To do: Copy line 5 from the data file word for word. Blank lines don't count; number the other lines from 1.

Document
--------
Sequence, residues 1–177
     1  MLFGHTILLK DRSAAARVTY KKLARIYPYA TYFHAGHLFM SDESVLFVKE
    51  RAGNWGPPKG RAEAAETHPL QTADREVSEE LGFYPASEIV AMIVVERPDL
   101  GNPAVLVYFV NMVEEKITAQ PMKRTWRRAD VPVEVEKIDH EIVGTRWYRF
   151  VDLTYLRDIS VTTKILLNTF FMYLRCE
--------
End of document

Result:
   151  VDLTYLRDIS VTTKILLNTF FMYLRCE